Fencer Mariel Zagunis Will Carry U.S. Flag In Opening Ceremony

Mariel Zagunis has been named the U.S. flagbearer for the London 2012 Opening Ceremony. Here, Zagunis celebrates a win in the individual sabre final at the Pan American Games last year. i i

Mariel Zagunis has been named the U.S. flagbearer for the London 2012 Opening Ceremony. Here, Zagunis celebrates a win in the individual sabre final at the Pan American Games last year. Jorge Saenz/AP hide caption

itoggle caption Jorge Saenz/AP
Mariel Zagunis has been named the U.S. flagbearer for the London 2012 Opening Ceremony. Here, Zagunis celebrates a win in the individual sabre final at the Pan American Games last year.

Mariel Zagunis has been named the U.S. flagbearer for the London 2012 Opening Ceremony. Here, Zagunis celebrates a win in the individual sabre final at the Pan American Games last year.

Jorge Saenz/AP

Mariel Zagunis, the two-time gold medalist in sabre, has been named the U.S. flagbearer for Friday's Opening Ceremony of the London 2012 Olympics. Zagunis, who was chosen by her peers for the honor, will be the first fencer to carry the flag since 1968, when Janice Lee Romary led the U.S. team in Mexico City.

"I'm extremely humbled by this incredible privilege," Zagunis said in a statement on the Team USA site. "As an athlete, I can't imagine a higher honor than to lead Team USA into the Olympic Games, which are the pinnacle of sport and a platform for world peace. I am tremendously proud to represent my sport, our team and, most importantly, the United States of America."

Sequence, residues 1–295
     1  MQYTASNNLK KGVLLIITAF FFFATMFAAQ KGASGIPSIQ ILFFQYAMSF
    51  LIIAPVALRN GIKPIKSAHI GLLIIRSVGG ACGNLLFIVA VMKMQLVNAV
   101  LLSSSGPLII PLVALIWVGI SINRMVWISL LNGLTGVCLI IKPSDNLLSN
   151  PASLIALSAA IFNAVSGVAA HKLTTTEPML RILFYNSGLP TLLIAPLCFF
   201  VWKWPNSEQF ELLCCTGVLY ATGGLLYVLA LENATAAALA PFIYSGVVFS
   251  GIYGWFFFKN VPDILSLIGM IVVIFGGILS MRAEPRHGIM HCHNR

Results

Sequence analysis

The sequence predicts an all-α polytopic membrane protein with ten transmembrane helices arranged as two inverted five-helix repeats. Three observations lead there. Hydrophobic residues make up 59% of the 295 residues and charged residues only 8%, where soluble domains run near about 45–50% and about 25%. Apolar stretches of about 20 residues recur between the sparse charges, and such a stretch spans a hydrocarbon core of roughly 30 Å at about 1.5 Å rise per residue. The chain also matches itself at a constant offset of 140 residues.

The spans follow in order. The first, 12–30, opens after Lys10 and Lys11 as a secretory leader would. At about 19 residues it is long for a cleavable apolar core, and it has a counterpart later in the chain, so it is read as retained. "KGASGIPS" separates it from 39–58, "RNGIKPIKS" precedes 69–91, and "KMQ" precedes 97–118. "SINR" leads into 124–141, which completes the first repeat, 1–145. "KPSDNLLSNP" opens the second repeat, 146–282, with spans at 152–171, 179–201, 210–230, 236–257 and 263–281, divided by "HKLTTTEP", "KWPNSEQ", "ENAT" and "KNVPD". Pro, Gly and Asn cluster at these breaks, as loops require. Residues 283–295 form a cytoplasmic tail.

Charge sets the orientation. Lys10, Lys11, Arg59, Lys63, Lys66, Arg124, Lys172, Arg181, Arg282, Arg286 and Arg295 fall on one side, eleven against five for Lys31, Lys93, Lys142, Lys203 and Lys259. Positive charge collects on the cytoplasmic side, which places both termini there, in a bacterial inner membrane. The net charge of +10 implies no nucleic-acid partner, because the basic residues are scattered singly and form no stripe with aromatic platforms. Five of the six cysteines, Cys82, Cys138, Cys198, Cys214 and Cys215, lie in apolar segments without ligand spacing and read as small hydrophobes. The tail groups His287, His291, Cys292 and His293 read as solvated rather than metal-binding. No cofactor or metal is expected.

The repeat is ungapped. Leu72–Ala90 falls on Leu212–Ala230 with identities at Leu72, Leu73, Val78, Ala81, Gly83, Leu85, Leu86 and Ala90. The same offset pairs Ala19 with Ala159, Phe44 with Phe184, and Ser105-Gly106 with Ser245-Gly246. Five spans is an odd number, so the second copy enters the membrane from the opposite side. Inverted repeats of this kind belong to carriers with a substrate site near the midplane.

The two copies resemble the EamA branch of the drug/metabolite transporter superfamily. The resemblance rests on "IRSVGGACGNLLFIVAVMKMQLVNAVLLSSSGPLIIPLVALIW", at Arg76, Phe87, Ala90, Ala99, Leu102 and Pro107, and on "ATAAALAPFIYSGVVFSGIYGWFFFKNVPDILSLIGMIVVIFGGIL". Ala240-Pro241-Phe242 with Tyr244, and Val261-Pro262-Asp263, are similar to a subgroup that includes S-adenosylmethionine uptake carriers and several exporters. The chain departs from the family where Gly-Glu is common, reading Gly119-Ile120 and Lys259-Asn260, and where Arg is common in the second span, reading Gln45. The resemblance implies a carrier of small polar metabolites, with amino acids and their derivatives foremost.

In 2004, Zagunis became the first American fencer to win Olympic gold in 100 years. Her parents are former Olympians, having competed in the 1976 Summer Games in Montreal.

In an interview with NPR's Tom Goldman earlier this year, Zagunis, a Beaverton, Oregon, native, called sabre fencers the "punk rockers" of the fencing world.

"You have to be more aggressive and explosive and kind of crazy," she says. "I think that kind of plays into our personality."

But she also explained the sport's intellectual — even psychological — challenges.

"Zagunis recalls the chesslike qualities of her bout with fellow American Becca Ward in the semifinals at the 2008 Beijing Olympics," Tom reported.

"It really came down to knowing what her tendencies were, knowing what she thinks she can use against me and not letting her do that," Zagunis explained, "while at the same time executing something different. I had to mix it up. You're four or five steps ahead."

Zagunis will be four or five steps ahead once again Friday, when she leads her teammates onto the track at London's Olympic Stadium.

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